I have been listening to podcasts for many years. I started in 2005, when I bought my first MP3 player.
Various podcast downloaders (or podcatchers) have existed over this time, some of which I have tried. Now I use a script based on Bashpodder, which I have built to meet my needs. I also use a database to hold details of the feeds I subscribe to, what episodes have been downloaded, what is on a player to be listened to and what can be deleted. I have written many scripts (in Bash, Perl and Python) to manage all of this, and I will be describing the overall workflow in this episode without going into too much detail.
I was prompted to put together this show by folky’s HPR episode 1992 “How I’m handling my podcast-subscriptions and -listening” released on 2016-03-22. Thanks to him for a very interesting episode.
Note: I’m embarrassed to say that I started this episode in April 2016 and somehow forgot all about it until January 2017!
A podcast feed is defined by an XML file, using one of two main formats. These formats are called RSS and Atom. Both formats basically consist of a list of structured items each of which can contain a link to a multimedia file or “enclosure”. It’s the enclosure that makes it a podcast as opposed to other sorts of feeds - see the Wikipedia article on the subject.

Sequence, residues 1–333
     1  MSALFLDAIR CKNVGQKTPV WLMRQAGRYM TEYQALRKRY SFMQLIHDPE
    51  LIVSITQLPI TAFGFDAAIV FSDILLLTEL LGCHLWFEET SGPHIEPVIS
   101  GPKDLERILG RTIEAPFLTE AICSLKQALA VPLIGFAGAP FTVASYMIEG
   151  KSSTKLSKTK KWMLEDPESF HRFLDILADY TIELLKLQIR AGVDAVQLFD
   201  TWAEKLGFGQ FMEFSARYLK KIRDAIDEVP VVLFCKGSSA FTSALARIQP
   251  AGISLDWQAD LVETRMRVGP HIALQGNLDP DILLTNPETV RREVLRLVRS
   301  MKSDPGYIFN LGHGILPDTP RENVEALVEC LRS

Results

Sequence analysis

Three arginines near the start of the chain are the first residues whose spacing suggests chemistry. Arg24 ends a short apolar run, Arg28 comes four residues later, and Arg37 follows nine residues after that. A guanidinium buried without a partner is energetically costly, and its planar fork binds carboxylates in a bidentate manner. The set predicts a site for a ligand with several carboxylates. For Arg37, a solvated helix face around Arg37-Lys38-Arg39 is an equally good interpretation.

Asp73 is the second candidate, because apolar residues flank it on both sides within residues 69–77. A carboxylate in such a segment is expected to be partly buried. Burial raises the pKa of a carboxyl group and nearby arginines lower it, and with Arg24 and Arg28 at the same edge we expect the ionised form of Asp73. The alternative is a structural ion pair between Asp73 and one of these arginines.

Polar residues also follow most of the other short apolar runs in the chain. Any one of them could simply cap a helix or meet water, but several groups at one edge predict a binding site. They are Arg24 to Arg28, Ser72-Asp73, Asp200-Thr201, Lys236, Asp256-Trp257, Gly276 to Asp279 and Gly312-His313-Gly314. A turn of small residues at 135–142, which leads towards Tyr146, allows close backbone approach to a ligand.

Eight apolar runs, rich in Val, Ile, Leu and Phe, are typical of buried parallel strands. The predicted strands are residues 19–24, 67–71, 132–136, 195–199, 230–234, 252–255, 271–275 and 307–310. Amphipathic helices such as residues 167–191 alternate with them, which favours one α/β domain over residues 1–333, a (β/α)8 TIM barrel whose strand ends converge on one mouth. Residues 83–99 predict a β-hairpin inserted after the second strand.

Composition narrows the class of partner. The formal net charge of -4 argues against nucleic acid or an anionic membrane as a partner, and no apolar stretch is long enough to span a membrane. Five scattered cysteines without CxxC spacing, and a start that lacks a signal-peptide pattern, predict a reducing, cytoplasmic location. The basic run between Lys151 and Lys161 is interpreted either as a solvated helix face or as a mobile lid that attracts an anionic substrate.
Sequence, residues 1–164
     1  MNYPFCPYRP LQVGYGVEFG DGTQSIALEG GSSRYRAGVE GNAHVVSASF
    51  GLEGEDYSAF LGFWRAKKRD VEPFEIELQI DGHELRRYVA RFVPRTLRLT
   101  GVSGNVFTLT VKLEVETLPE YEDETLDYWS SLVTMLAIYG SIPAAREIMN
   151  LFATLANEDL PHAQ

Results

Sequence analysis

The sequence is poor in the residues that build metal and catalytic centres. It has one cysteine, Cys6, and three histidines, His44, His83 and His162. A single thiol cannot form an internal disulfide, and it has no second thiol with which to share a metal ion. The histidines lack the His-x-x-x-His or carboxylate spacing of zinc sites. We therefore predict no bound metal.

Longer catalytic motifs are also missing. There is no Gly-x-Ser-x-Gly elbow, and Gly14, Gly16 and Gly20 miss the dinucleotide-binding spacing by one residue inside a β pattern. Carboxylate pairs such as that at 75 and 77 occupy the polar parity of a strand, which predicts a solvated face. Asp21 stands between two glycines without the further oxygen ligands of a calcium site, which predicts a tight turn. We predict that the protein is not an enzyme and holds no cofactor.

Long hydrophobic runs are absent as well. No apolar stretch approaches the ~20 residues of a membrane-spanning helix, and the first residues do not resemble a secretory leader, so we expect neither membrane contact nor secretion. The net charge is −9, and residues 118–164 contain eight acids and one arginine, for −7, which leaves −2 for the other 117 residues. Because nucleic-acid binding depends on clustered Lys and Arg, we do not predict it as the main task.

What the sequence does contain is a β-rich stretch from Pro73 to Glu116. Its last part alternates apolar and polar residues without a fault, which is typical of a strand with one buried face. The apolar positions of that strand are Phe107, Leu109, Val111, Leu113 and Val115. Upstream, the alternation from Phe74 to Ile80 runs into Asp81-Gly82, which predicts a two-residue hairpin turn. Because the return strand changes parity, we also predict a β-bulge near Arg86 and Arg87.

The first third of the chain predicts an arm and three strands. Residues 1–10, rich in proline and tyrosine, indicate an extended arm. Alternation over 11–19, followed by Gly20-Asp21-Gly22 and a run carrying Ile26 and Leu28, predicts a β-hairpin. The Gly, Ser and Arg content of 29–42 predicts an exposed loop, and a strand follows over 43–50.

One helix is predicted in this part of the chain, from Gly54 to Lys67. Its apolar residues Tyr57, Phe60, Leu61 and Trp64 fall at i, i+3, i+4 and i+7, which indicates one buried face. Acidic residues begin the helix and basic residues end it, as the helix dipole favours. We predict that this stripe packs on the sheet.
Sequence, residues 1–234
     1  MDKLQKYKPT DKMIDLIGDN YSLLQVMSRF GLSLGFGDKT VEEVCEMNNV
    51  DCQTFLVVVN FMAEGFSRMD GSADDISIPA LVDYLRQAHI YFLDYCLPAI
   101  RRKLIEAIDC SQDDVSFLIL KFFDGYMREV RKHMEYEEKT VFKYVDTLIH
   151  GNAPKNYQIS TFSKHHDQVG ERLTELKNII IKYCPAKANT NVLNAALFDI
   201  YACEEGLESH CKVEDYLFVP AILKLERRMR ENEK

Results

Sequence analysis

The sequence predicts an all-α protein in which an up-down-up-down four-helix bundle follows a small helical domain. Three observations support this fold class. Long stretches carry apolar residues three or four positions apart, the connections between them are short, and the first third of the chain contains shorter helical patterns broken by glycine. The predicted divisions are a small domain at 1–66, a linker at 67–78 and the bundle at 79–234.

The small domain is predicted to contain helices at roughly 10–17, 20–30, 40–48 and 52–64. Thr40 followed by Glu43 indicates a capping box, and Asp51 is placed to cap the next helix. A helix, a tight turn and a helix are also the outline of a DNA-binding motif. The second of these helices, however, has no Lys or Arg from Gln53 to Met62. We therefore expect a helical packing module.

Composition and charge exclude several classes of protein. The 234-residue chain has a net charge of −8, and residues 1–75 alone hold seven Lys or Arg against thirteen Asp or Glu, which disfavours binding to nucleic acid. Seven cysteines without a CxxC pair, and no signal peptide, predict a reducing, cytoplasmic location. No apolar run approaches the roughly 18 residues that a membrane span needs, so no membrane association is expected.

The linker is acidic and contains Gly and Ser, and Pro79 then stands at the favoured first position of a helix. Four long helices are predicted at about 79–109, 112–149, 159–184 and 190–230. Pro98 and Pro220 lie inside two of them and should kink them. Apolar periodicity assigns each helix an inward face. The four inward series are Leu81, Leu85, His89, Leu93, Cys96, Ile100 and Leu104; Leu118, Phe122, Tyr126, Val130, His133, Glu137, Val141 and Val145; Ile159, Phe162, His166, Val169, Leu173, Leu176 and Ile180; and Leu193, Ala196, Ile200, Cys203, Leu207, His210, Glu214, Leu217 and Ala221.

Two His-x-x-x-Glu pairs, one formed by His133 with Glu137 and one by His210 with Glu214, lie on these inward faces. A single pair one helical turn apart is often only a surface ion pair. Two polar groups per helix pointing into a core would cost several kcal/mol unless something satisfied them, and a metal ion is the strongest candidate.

The way in which the feed is intended to be used is that when new material is released on the site, the feed is updated to reflect the change. Then podcatchers can monitor the feed for changes and take action when an update is detected. The relevant action with a podcast feed is that the enclosures in the feed are downloaded, and the podcatcher maintains a local list of what has already been downloaded.
The structure of an RSS or Atom feed allows for there to be a unique identifier associated with each enclosure, and this is intended to act as a label for that enclosure to make it easier to to avoid duplicates.
I use a rewritten version of Bashpodder to download my podcasts. I have modified the original design in two main ways:
- I enhanced the XSLT file (
parse_enclosure.xsl) used for parsing the feed (using
xsltproc1) so that it can handle feeds using Atom as well as RSS. The original only handled RSS.
- I made it keep a file of ID strings from the feeds to help determine which episode has already been downloaded. The original only kept the episode URLs which was fine at the time, but is not enough in these days of idiosyncratic feeds. My XSLT file is called
My Bashpodder clone cannot deal with feeds where the enclosure URL does not show the actual download URL. I am working on a solution to this but haven’t got a good one yet. Charles in NJ mentions a fix for a similar (or maybe the same) problem in his show 1935 “Quick Bashpodder Fix”.